What Happens if I Do Not Sign the Divorce Papers?

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Divorce Law
This article was reviewed and approved for publication by Attorney Charlotte Christian.

If you do not sign the divorce papers, it can make things inconvenient for your spouse. However, it does not stop the divorce from happening. One spouse can get a divorce even if the other spouse refuses to cooperate.

If you have questions about the divorce itself or any terms relating to divorce, you should speak with your divorce lawyer as soon as possible. Unfortunately, you cannot change the course of divorce proceedings simply by refusing to sign the papers. Learn more about what happens during the divorce process and finalizing a divorce.

What Divorce Proceedings Entail in Alabama

Before initiating a divorce, it can be helpful to talk things over with everyone involved, if possible.

This may include:

  • Your spouse
  • Your children
  • Other relatives

These discussions can help inform your spouse of what is happening in the family. Speaking to others close to you can offer advice and emotional support during a tough time. It can also help you determine if your spouse may present difficulties during the divorce.

Once you are ready to make your divorce official, your legal options depend on various factors, including:

  • Whether you and your spouse completely agree or you face points of contention in the divorce
  • Whether you have children, pets, or other dependents to consider
  • What kinds of assets and debts you need to split

Your divorce will either be contested or uncontested, depending on these factors. Learn about the differences between these divorce types below.

Contested Divorce

If you face any disagreement between you and your spouse, you will file a contested divorce. Even if you agree on some matters but not others, this situation still leads to a contested divorce.

These disagreements may concern any legal issues, including:

  • The necessity of the divorce itself
  • Who gets what assets
  • Who gets what debts
  • Alimony payments
  • Child support payments
  • Custody agreements

A divorce attorney can protect and defend your rights in a contested divorce. They can speak for your voice and ensure that the divorce process is as equitable as possible. If your spouse refuses to respond to a divorce complaint early in the process or disagrees with the terms in your complaint, you may have a contested divorce.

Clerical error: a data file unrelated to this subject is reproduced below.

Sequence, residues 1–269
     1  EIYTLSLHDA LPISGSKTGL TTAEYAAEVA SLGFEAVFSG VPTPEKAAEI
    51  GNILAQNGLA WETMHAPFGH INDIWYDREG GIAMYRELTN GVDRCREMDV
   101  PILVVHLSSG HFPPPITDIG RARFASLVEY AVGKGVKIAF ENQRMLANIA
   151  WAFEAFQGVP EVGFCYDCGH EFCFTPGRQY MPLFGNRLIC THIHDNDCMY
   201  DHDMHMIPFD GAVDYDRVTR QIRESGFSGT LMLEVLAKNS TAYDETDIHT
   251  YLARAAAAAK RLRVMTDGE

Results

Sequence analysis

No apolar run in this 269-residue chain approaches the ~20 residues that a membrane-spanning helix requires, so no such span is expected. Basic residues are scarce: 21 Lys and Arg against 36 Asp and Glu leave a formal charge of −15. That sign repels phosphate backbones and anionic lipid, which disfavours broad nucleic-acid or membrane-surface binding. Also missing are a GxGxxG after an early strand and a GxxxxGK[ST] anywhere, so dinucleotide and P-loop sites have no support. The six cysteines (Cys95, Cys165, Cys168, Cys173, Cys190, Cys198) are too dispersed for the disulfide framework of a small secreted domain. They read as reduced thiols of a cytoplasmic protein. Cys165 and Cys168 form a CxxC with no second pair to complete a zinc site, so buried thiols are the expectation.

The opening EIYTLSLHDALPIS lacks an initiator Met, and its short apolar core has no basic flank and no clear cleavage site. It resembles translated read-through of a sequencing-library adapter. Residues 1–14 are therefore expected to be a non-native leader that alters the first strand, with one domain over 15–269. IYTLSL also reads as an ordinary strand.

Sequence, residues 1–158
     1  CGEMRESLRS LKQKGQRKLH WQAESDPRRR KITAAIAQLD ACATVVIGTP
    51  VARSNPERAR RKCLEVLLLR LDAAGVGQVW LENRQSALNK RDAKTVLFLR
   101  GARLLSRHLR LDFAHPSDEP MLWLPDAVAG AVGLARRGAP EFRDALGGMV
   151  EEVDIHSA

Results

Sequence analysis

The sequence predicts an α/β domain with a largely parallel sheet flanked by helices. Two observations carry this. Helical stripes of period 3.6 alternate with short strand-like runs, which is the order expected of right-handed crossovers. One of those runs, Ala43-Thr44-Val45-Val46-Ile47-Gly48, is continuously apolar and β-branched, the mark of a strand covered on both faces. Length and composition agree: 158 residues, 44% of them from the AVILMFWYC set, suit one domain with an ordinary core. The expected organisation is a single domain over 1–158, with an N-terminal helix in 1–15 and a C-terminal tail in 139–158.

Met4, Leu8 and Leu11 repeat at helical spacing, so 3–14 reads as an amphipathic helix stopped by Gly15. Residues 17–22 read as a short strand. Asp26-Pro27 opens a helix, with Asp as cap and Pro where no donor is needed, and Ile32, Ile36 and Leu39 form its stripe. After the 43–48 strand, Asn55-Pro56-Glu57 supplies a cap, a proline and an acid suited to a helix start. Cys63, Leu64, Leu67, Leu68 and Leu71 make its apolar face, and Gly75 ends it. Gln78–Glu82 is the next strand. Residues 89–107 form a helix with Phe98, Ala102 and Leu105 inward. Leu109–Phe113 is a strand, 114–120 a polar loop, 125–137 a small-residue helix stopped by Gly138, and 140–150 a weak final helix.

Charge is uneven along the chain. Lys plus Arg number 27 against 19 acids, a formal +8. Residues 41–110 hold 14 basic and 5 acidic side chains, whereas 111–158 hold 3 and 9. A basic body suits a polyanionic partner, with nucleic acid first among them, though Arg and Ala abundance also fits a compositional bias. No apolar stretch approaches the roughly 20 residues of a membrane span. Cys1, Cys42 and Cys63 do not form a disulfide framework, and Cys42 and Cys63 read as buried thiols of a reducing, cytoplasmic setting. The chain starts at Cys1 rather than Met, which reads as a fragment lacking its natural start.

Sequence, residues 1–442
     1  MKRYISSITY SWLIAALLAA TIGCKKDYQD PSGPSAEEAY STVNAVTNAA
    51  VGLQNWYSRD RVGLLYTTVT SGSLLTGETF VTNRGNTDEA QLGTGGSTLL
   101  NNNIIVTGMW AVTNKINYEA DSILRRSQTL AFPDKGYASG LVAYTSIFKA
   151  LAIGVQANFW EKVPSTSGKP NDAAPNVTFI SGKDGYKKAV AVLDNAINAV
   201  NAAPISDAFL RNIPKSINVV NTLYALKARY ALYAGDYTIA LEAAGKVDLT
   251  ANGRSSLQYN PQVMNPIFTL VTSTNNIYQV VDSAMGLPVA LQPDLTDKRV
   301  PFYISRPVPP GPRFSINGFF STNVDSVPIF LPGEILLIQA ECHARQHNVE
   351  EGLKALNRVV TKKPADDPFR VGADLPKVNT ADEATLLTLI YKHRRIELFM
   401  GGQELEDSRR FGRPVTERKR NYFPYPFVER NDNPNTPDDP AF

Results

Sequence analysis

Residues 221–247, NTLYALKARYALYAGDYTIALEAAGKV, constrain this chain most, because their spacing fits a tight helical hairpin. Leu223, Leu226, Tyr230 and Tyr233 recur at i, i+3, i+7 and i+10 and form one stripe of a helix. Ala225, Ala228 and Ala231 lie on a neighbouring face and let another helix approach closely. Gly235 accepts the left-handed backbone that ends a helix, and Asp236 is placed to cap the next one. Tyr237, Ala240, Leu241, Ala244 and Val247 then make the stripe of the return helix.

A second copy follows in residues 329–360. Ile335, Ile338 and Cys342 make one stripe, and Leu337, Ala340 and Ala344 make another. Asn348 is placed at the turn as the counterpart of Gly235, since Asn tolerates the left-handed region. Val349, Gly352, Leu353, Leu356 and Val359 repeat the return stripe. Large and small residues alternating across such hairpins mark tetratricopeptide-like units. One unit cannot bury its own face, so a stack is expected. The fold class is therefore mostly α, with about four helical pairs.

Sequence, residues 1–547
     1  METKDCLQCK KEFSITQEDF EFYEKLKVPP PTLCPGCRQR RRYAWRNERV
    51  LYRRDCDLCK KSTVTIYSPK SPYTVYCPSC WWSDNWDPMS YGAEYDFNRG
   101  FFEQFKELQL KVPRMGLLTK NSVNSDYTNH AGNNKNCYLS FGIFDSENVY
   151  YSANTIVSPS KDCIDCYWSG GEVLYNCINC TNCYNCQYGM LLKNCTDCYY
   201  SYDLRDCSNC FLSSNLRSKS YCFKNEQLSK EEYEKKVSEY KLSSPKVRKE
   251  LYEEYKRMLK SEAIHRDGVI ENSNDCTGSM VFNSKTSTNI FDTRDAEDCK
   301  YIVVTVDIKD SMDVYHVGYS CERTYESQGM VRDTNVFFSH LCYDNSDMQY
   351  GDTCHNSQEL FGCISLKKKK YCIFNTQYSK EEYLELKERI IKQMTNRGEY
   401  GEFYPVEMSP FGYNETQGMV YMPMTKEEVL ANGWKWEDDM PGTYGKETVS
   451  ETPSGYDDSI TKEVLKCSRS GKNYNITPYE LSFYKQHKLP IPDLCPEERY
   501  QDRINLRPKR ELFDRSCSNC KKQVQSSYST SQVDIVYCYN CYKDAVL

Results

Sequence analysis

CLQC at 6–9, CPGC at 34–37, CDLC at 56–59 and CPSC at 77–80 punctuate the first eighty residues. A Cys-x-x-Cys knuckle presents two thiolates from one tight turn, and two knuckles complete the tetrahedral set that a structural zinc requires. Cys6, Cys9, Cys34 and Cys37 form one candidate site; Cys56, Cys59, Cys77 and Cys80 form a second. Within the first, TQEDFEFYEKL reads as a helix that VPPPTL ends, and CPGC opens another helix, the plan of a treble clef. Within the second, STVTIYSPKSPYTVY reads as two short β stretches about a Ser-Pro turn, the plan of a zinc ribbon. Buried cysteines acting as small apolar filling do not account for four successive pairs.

Your attorney can represent and support you through:

  • Case building: You may need evidence to show you have a right to the assets and agreements you seek. Your lawyer would collect relevant documents, depositions from involved parties, and more.
  • Submission of paperwork: Whether you initiated the divorce or have to respond to your spouse’s petition, you must submit various forms promptly to protect your rights.
  • Negotiation: Your lawyer would meet with your spouse and try to find some middle ground between what you want and what they want. Successful negotiations can save you the time, trouble, and money of going to court.
  • Court hearings: If all else fails, your lawyer can argue your case before a judge who handles divorces in your area. The judge would listen to both sides of the case and issue an order.
  • The entire process: Your attorney can stand by you if you have doubts, questions, or concerns at any point in the process.

Contested divorces can take a long time—months or even years—to finalize. This can prove stressful and frustrating, but you do not have to go through it alone.

Uncontested Divorce

In an uncontested divorce, both parties find complete agreement about everything. As a result, you can get the divorce over with much quicker, especially if you hire a divorce attorney to guide you through the process and ensure everything gets taken care of at every step.

If you or your spouse realize you do not completely agree, your uncontested divorce may become a contested one, and your lawyer would have to prepare to take your case to court.

If your spouse objects after reaching an agreement after finalizing the divorce papers, they would have no recourse for appeal. An uncontested divorce offers limited options if one or both spouses change their minds later.

Getting Divorced From a Difficult Spouse

Divorce often proves emotionally challenging, but it can be more so when your spouse refuses to cooperate at a basic level. Even if you disagree about who gets a particular asset, communicating and talking things out often serves both parties, even if you must talk through your attorneys. You may feel a significant burden if you must force your spouse to participate in the proceedings.

You have several options when trying to divorce an uncooperative spouse, including:

  • Speaking with your attorney: If you have not already done so, appraise your attorney of the situation. They can advise you on making sure your divorce proceeds smoothly and safely.
  • Speaking with the judge: If your case has already gone to court, you or your lawyer can talk to the judge about handling a recalcitrant spouse.
  • Getting a protection order: In cases where the spouse shows abusive behaviors or makes threats, filing for a protection order may prove a good idea. This way, you can proceed with the divorce in peace without worrying about how your spouse will react.

On a personal level, make sure to take care of yourself throughout the divorce. Take some time to relax, do things you enjoy, turn to friends for support, or join a divorce support group in your area. If you have children, spend extra time with them to explain the family’s experiences and help them through this rough period.

Why Might Someone Not Sign Divorce Papers?